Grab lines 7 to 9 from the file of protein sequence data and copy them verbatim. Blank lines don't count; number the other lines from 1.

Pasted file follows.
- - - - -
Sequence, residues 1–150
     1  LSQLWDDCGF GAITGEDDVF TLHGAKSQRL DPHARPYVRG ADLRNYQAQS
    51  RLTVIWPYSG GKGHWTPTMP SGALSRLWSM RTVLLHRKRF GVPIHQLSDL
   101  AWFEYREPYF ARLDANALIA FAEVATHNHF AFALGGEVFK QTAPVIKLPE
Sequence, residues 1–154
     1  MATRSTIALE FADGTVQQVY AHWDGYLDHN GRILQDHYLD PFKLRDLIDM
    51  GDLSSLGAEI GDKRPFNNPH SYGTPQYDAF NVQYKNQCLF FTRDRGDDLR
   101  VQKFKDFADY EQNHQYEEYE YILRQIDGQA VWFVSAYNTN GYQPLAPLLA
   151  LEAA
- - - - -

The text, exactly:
    51  GDLSSLGAEI GDKRPFNNPH SYGTPQYDAF NVQYKNQCLF FTRDRGDDLR
   101  VQKFKDFADY EQNHQYEEYE YILRQIDGQA VWFVSAYNTN GYQPLAPLLA
   151  LEAA